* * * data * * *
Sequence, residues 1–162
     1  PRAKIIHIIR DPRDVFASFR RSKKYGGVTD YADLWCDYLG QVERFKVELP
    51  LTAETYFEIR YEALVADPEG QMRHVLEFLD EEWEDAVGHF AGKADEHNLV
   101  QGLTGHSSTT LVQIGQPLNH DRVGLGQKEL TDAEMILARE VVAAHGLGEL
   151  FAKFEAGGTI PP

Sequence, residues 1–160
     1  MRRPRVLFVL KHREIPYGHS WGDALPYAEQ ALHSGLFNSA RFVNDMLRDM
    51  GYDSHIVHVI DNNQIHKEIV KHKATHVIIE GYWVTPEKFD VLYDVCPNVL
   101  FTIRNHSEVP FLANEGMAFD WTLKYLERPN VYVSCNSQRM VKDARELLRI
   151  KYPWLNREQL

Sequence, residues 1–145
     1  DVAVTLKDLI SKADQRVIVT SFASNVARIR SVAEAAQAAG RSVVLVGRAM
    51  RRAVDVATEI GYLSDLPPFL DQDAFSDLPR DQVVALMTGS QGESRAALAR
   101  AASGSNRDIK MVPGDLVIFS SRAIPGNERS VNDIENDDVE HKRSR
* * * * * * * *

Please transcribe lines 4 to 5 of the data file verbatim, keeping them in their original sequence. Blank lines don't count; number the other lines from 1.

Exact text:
   101  QGLTGHSSTT LVQIGQPLNH DRVGLGQKEL TDAEMILARE VVAAHGLGEL
   151  FAKFEAGGTI PP